Palomar Mountain State Park is one of my favorite outdoorsy spots in San Diego County. A day spent on its trails is a balm for my soul. The park is located at the northern edge of San Diego County and is one of the few places in Southern California that resembles the Sierra Nevada, further north.
I woke early, hitting the road shortly after 6:00 A.M. Seventy minutes later, and nearly 5,000 feet in elevation gained, I arrived at the park’s entrance, paid the $10 day use fee, and parked in the lot next to Doane Pond.
The temperature was a brisk 58º F, and sunlight was just beginning to peak out over the tops of the mountains surrounding Upper Doane Valley.
Setting out on the Doane Valley Nature Trail, I was struck immediately by what I didn’t hear: a freeway. Much of the birding I do takes place in urban/suburban locations where the constant hum of freeway traffic is rarely out of earshot. Instead of road noise, I heard a gentle breeze and rustling leaves, Mountain Chickadees singing in the trees, the owl-like coo of Band-tailed Pigeons (a new life bird), and a cacophony of Steller’s Jays. I spent 15 minutes or so soaking it in before continuing further along the trail.
This section of the Doane Valley Nature Trail is, in my opinion, the highlight of the park. The trail follows Doane Creek through a thick forest of cedars and pines, which provides ample shade. A variety of plants and shrubs line both sides of the trail, including mountain currant, western raspberry, wild strawberry, and wild rose. During the cooler, wetter times of the year, several moss-covered boulders can be observed.
After about 0.3 miles, the trail forks. The Nature Trail continues to the right, but I took the left fork for the Weir Trail, which continues to follow the creek downstream.
The Weir Trail winds its way through a mixed conifer forest. I heard and saw many, many Acorn Woodpeckers, as well as Mountain Chickadees, Nuttall’s Woodpeckers, White-breasted Nuthatches, and Pacific-slope Flycatchers. In addition, I spotted several Brown Creepers, a new life bird.
Instead of continuing on to the stone weir, I crossed over the dry creekbed to the Lower Doane Trail and passed the gnarled remains of an old ponderosa pine. Several Western Bluebirds flitted back and forth between a trail marker post and a copse of pine trees bordering the meadow in Lower Doane Valley.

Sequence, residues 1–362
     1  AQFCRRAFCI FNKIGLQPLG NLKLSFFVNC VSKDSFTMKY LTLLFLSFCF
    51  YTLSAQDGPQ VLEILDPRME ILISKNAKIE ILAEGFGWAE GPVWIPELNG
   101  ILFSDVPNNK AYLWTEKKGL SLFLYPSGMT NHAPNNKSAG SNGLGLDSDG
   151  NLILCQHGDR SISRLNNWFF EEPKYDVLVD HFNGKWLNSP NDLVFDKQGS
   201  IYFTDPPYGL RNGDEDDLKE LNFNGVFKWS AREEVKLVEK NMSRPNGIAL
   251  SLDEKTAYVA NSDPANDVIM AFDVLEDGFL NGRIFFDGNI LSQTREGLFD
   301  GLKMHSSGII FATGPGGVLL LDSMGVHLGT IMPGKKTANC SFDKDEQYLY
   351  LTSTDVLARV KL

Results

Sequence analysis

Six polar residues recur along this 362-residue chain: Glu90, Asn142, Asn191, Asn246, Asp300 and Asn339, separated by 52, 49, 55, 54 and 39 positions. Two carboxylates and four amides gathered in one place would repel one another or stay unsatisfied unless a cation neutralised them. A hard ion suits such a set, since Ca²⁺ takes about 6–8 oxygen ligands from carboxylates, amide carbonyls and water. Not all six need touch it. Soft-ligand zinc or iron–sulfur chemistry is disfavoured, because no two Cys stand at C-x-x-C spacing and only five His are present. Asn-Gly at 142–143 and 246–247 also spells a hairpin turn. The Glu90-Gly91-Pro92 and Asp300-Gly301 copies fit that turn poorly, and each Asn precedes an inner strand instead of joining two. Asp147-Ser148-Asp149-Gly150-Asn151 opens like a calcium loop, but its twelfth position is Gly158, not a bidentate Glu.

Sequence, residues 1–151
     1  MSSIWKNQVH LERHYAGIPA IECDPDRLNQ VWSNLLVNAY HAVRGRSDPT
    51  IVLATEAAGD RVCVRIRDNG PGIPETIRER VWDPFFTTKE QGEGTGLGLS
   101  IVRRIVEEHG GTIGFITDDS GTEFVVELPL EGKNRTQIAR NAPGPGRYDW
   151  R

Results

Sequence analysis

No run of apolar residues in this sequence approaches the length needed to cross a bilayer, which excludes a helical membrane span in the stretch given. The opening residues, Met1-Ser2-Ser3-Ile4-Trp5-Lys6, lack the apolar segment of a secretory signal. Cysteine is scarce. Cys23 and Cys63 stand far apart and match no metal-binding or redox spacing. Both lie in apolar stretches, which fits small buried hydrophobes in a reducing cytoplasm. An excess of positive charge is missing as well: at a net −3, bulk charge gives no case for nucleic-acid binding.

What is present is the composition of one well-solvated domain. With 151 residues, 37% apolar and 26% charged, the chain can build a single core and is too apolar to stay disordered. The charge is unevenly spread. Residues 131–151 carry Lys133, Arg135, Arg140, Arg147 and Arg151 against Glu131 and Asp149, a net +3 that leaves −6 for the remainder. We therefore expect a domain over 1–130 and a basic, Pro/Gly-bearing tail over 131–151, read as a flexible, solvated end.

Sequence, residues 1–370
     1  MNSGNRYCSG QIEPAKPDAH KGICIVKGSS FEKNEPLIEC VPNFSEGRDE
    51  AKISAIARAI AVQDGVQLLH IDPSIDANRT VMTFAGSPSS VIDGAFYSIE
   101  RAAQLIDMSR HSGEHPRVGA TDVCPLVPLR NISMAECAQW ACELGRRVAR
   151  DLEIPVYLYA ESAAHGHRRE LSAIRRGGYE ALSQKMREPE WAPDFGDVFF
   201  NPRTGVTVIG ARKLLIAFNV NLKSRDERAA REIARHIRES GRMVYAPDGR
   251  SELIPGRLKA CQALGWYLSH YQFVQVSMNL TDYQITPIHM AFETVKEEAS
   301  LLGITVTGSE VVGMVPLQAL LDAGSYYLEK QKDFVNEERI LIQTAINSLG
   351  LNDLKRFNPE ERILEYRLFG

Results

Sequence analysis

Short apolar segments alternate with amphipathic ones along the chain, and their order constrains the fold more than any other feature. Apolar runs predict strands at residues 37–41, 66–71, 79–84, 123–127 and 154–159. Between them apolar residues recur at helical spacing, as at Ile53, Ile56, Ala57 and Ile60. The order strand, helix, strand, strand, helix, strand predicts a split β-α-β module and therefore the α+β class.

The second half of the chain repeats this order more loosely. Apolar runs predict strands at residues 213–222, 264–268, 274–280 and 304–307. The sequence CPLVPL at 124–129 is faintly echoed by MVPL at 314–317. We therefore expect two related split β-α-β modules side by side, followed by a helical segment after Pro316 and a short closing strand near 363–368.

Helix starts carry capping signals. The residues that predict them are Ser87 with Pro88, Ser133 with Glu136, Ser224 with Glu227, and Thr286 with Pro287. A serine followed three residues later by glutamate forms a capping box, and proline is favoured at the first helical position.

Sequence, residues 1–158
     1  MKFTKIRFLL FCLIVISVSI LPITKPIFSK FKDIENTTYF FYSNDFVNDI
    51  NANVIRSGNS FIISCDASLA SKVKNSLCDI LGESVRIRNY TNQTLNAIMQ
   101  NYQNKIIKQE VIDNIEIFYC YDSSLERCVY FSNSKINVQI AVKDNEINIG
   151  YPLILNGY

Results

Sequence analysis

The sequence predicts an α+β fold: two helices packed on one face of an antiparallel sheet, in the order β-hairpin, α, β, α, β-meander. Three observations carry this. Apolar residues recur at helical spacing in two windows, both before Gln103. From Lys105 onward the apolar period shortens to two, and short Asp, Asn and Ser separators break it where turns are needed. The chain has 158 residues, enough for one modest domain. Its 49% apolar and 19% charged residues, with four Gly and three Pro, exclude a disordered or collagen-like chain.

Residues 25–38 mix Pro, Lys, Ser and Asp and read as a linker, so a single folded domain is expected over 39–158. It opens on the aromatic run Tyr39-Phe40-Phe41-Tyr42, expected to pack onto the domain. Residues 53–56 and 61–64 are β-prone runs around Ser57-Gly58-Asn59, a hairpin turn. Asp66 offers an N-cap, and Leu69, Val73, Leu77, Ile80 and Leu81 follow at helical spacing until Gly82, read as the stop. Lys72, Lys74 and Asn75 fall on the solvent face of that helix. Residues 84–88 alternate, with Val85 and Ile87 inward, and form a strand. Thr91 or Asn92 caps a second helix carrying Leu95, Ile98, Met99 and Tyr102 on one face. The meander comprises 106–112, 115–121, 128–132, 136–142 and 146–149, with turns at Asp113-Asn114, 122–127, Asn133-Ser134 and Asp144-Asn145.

As I veered left on the French Valley Trail, I came into Lower French Valley and its expansive meadow dotted with Ponderosa pines. I didn’t see many birds along this stretch of the trail—just a few California Scrub-Jays (one of my favorites)—but, honestly, I didn’t mind. Stunning natural beauty, the warm sun overhead, a breeze sweeping over the meadow. It doesn’t get much better than this.
By this time, I had been out on the trails for three hours and hadn’t seen another soul since the parking lot (it was a weekday). The silence and solitude were refreshing. The quiet afforded me time to give uninterrupted thought to some issues that were weighing on me.
Birding and hiking are hobbies for me but also so much more. They’re part of a set of regular practices I engage in to cultivate mental, emotional, and physical health.
After rejoining the Lower Doane Trail, I decided to head back to my car for lunch. Along the way, I spotted a Western Tanager (another new life bird) and a Townsend’s Warbler.
Even though I had spent nearly four hours looking for birds, I wasn’t finished yet. After lunch, I set out on the Thunder Spring Trail, which hugs the western edge of Upper Doane Valley. A number of swallows were zigzagging across the meadow. I continued to hear Steller’s Jays and Acorn Woodpeckers in the trees. Several Dark-eyed Juncos were perched on a bush next to the trail.
The trail loops around to the eastern side of the valley and becomes Upper Doane Valley Trail. It was close to one o’clock now, and the temperature had risen to the low-80s. A stronger breeze had kicked up. Several California Scrub-Jays were hiding in the trees but making themselves heard. Three Turkey Vultures circled high above the meadow. Just before reaching the parking lot, I came across a couple more Dark-eyed Juncos in the trees.
After more than five hours of hiking and birding, I got into my car and began the long drive home. I’m already itching to go back!